In spite of all the glorious news of 5G launches, one must be careful not to get too caught up in the hype. There are some disquieting signs that all is not that well in the 5G river city. Not a day goes by when I do not read something about companies, vendors, organizations, governments, etc. having an issue with other companies, vendors, organizations, governments, etc. over 5G-related topics.
I see an accelerated landscape of scrapping between entities. There is always some sparring when the FCC looks to refarm, or generate, spectrum for new or emerging technologies. However, it seems that 5G is bringing about a heightened level of infighting between a diverse group of players, for the same space, across many landscapes.
If one looks at it from a birds-eye view, because of the amount of spectrum that is becoming available for 5G, one would expect a heightened level of interest in positioning. On the other hand, more spectrum means more availability. So, why all the clashing?
I believe that wireless companies, across the board, are a bit jumpy about how this 5G ecosystem is going to play out. There are both economic and technical reasons. Some are a bit removed from the direct infighting over frequencies, such as the T-Mo, Sprint merger. Others are right in the thick of it, such as the confrontation between the incumbents (DoD and satellite players), vs. the potential mobile broadband candidates, in the 3.7-3.9 GHz band.
There is sparring among carriers as well. C Spire’s attacks on T-Mo’s rural 5G plan, for example. C Spire is calling T-Mo’s plans nebulous and implausible, referring to their fixed wireless initiative. C Spire is a, largely, rural carrier and does not think that T-Mo can deliver 5G service to thinly populated area around the country.
Moreover, it is not just about spectrum. There are personal issues on a global scale, the likes of which we have never seen before – the Huawei vs. Trump conflict.
Moving on, there are legal issues around technology. Apple and Qualcomm are duking it out over Qualcomm’s patents. Qualcomm is claiming Apple is using patented Qualcomm hardware and not paying the appropriate royalties. In addition, this is not just a small issue here in the United States. Legal battles between the two are happening in Germany and China, as well.
On the autonomous vehicle scene, carriers, a while back, sensing a cash cow and looking for another way of capitalizing on 5G, introduced cellular vehicle-to-everything (C-V2X). It was designed to compete with the IEEE’s dedicated short-range communications (DSRC/IEEE 802.11p), which was slated to become the de-facto V2X platform.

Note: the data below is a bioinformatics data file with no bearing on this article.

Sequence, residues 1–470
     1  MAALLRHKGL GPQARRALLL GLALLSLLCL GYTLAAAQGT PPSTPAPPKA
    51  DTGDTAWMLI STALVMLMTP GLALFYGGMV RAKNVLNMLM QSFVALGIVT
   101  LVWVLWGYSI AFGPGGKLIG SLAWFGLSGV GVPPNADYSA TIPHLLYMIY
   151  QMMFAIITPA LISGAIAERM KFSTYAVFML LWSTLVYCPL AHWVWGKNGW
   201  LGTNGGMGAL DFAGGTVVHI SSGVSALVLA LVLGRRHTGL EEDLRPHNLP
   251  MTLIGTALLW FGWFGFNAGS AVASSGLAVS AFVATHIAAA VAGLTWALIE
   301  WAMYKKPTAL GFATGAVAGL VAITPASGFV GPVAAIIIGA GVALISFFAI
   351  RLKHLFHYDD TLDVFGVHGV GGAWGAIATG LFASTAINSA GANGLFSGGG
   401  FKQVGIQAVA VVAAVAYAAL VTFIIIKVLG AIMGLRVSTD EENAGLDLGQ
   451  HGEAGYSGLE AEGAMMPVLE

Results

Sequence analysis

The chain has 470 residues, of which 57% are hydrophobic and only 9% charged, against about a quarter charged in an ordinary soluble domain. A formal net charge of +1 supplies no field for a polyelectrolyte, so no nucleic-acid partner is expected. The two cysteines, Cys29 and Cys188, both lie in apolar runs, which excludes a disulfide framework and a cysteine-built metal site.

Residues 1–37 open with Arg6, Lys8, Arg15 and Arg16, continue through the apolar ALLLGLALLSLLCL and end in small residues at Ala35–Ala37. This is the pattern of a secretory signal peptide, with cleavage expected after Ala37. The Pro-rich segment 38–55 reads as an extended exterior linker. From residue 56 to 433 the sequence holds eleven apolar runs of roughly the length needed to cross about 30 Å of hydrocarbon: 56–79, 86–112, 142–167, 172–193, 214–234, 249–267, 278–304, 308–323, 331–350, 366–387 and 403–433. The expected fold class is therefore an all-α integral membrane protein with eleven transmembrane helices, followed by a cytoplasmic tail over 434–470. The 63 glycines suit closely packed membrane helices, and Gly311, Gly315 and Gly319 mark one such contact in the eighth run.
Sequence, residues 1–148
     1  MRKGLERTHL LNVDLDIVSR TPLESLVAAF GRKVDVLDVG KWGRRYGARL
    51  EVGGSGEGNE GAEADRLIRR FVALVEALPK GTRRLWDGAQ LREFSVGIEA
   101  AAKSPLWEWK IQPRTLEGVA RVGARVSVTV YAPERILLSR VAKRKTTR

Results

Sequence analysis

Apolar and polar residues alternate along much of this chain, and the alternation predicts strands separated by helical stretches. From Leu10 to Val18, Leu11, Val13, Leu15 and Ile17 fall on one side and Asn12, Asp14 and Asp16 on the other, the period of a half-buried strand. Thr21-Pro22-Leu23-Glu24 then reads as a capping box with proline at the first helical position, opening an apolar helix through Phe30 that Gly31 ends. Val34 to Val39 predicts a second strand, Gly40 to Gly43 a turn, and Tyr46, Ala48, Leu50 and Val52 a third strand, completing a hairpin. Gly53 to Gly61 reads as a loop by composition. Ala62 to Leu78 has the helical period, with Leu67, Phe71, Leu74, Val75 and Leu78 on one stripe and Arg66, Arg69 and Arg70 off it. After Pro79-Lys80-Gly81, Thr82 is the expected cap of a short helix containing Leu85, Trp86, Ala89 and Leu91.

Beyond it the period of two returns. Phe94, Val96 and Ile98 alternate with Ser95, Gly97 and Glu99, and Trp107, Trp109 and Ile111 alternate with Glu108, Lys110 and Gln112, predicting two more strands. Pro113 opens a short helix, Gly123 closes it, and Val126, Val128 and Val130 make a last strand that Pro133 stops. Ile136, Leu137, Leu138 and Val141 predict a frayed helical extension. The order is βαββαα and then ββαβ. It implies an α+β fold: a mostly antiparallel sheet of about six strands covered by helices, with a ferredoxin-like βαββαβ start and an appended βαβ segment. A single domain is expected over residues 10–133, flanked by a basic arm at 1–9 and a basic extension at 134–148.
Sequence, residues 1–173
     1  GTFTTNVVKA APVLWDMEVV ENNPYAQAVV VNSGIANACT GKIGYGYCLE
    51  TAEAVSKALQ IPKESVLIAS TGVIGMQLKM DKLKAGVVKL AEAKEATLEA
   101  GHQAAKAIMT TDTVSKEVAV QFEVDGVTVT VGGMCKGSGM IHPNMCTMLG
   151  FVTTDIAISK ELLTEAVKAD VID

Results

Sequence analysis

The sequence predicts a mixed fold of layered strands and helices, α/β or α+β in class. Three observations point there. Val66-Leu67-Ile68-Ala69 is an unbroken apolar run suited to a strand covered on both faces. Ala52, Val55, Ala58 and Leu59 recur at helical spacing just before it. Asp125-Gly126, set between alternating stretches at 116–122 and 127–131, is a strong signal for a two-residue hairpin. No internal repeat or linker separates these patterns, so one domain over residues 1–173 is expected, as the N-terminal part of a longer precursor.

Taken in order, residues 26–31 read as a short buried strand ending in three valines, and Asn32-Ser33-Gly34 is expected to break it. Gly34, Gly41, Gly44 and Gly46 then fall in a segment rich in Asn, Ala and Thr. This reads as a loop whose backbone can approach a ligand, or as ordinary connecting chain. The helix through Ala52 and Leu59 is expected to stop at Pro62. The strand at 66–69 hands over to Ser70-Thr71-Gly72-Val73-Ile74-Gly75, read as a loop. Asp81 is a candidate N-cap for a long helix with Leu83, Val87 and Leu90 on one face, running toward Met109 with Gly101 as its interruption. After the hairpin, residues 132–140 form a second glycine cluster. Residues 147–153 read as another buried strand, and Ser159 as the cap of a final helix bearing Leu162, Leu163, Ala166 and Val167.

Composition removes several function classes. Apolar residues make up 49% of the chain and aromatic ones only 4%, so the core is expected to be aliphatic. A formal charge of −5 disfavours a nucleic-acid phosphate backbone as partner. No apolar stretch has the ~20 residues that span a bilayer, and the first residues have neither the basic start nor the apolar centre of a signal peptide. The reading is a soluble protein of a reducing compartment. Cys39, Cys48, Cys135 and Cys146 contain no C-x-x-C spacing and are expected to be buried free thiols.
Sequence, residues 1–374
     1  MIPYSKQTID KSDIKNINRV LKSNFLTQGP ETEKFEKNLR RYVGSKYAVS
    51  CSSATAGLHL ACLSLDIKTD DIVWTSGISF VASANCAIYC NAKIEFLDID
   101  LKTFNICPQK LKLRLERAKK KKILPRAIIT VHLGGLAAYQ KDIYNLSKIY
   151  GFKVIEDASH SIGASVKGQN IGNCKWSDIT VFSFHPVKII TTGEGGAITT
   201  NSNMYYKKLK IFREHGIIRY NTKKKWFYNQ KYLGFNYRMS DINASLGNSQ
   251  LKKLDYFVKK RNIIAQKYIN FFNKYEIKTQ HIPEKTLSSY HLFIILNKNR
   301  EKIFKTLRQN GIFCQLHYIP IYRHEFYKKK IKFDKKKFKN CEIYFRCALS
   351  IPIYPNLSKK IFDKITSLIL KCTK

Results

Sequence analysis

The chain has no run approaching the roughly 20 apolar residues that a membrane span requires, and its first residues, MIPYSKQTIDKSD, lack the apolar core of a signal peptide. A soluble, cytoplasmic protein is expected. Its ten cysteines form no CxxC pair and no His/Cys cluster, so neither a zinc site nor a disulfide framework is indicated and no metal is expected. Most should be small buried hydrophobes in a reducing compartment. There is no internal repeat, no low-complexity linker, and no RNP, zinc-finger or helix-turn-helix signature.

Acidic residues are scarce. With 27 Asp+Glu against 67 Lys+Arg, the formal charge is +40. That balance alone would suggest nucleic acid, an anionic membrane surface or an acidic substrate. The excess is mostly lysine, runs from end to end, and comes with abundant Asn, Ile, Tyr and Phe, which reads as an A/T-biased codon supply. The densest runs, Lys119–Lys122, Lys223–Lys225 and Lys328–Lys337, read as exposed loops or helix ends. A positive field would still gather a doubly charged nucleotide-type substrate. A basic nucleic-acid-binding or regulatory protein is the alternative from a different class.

There are arguments over which one is superior. Proponents of C-V2X claim, unlike DSRC, it is more compatible with the upcoming 5G mobile communications technology, which will require much faster performance than existing 4G systems. However, DSRC is undergoing a number of enhancements that will make it, also, highly compatible with 5G. I believe both are viable for V2X ecosystems.
In the 5 GHz and 6 GHz bands, there is resistance from public safety, and carriers, to opening up some of this spectrum for unlicensed usage. Primary arguments are interference in fixed wireless applications such as wireless backhaul. For example, AT&T argues that unlicensed users could interfere with critical licensed uses in the 6 GHz band. The National Public Safety Telecommunications Council (NPSTC), based on the history of interference in the 5 GHz band, suggests unlicensed sharing in the 6 GHz band is not sound spectrum policy. There are many others, similar – too numerous to mention here.
Last, there are competitive obstacles. The Sprint/T-Mo merger vs, the DoJ and Congress, for example. There are questions around how such a merger will affect both competition and frequency ownership/utilization.
These example only scratch the surface of the many challenges and vectors of 5G. I have not even mentioned the Internet of Everything/Everyone (IoX), smart “X”, mmWave, and the like.
If one listens to just the surface chatter, 5G is both the greatest thing since sliced bread and it is going to pop up like daisies in springtime in 2019. Truth is, it is barely out of the gate. There are so many challenges in its path, some of which will directly affect is deployment, others that will blindside it as it evolves.
None of this is going to change the grand scheme of 5G but it will affect the track. In some cases, slow it down, in other cases redirect it. Some cases will change deployment strategy others will alter technology. Some will change the legal landscape; some will have an effect on spectrum. The road to 5G, like any evolving technology, will ebb and flow. In the end, it will have undergone several metamorphoses and emerge a different animal that it started out as.